Often I get asked if orthotics will fit into multiples pairs of footwear and that depends on the orthotic design and the types of shoes you are looking to put them into. To get the full benefit of the orthotic they need to fit properly into your footwear, think of the shoe as the foundation for your orthotic. Often times orthotics can be transferred between similar types of footwear.
For example, an orthotic made to fit a running shoe will easily transfer into a hiking boot. However that same orthotic that was originally made for a running shoe may not fit or be as effective in a low volume dress shoe.
The best way to ensure a good fit in multiple pairs of footwear is to bring them all in at your initial appointment. Different types of orthotics can be designed to allow for more versatility within footwear. For example a 3/4 length orthotic may be used to accommodate footwear with varying toe box shapes.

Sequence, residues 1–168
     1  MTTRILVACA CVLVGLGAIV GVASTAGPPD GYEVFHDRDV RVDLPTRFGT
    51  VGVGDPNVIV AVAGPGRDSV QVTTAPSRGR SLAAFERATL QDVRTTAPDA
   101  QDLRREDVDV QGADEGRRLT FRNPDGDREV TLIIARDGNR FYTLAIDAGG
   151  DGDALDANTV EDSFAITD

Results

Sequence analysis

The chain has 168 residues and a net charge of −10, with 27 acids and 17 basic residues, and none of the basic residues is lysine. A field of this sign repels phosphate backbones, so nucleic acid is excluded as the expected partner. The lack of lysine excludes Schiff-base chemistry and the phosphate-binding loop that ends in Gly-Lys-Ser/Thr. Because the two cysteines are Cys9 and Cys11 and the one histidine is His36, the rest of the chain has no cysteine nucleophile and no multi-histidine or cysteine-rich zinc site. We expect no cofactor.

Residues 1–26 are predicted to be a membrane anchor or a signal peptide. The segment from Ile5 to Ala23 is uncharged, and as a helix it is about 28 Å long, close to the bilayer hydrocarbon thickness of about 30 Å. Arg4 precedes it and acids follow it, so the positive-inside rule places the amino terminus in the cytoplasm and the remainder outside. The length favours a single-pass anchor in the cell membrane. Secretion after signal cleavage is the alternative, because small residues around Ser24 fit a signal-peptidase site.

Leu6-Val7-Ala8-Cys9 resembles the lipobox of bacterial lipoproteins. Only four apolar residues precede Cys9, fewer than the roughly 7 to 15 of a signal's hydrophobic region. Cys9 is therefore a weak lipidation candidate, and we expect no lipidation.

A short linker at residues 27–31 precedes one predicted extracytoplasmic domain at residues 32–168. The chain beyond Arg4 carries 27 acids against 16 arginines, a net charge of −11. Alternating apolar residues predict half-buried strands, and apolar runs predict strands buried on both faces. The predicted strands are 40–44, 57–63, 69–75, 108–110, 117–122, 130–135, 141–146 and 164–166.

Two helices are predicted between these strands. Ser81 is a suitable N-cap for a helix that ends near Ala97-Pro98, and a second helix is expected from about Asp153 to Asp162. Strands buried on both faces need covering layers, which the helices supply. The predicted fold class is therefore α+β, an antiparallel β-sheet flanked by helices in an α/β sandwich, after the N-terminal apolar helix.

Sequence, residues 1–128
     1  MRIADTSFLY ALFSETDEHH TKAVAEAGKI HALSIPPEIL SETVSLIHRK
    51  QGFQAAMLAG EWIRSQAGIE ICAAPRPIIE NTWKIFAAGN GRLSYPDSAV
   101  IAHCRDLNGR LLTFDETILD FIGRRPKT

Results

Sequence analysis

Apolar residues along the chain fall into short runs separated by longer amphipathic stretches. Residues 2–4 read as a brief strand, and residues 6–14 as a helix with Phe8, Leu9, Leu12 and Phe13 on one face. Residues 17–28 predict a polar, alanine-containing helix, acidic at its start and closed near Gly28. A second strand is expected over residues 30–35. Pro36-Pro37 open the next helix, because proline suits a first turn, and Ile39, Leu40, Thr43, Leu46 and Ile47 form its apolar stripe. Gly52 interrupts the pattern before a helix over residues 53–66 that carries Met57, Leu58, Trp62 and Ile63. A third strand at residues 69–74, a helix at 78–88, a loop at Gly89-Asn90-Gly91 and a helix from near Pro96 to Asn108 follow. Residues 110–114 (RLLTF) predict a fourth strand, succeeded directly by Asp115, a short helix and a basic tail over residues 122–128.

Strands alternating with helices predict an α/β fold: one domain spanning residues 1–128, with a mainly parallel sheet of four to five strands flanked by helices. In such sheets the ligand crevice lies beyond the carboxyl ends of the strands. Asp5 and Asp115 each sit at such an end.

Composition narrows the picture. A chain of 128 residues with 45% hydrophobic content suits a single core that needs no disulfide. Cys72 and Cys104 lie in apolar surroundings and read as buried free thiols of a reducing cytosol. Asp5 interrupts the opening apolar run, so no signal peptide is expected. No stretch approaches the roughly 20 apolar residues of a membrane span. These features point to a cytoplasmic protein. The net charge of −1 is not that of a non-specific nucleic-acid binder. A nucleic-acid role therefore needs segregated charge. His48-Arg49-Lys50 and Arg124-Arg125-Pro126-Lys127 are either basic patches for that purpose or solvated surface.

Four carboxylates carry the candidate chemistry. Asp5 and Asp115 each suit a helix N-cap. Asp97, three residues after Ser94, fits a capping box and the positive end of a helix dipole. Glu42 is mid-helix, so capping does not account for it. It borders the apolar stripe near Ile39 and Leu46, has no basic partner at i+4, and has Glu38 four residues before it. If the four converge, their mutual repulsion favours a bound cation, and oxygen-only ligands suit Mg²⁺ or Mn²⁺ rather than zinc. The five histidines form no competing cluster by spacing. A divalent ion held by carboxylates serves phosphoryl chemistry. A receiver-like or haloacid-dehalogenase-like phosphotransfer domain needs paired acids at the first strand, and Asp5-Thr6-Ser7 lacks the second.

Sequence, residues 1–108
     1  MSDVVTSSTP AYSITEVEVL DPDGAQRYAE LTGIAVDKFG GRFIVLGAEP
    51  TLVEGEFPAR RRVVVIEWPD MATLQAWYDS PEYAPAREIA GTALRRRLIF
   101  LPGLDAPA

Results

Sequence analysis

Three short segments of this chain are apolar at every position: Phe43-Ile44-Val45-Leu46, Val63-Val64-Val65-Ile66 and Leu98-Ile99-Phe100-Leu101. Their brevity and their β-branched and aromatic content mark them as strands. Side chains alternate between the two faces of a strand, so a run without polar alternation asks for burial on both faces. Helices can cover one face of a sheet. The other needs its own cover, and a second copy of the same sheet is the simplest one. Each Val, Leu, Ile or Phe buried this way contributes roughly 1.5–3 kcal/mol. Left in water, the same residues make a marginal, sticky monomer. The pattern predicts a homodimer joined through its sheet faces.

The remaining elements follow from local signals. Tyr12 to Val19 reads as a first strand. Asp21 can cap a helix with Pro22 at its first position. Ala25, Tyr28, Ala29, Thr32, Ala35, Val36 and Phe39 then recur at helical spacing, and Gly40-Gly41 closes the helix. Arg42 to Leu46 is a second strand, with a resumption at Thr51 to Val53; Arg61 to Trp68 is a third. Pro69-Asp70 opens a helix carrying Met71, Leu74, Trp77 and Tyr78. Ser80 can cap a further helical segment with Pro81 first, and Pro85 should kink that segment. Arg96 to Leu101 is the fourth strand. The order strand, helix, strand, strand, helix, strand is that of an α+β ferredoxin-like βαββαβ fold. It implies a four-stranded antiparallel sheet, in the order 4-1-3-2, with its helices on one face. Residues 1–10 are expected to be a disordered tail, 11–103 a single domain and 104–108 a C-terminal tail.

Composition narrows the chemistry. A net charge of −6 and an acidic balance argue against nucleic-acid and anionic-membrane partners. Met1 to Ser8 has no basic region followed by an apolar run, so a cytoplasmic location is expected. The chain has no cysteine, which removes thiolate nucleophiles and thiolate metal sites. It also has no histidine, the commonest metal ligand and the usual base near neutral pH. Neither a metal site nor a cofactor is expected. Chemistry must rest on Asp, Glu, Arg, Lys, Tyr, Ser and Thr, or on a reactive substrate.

Likewise orthotics can be designed to be sport or activity specific. An orthotic may be designed to be lower volume and narrower to accommodate a cleat or skate.
When fitting your orthotic into a new pair of shoes always remove the sock liner before inserting your orthotic. The orthotic should fit comfortably into your shoe without bunching, wrinkling or sitting up on the side of the shoe. If the orthotic is too wide, long or has a different shaped toe box than the shoe than compare the shape of the sock liner to the orthotic. The orthotic may need to be trimmed down for a proper fit in the footwear. This can be done by tracing the sock liner and carefully trimming excess from the front edge of the orthotic with scissors. If ever unsure of the fit of your orthotic revisit your Pedorthist and they can check the fit and make a small adjustment to the orthotic if needed (often done on-site while you wait).
Discreetly hidden within footwear orthotics can be effective at reducing pain and increasing mobility but a proper fitting orthotic within your footwear is essential.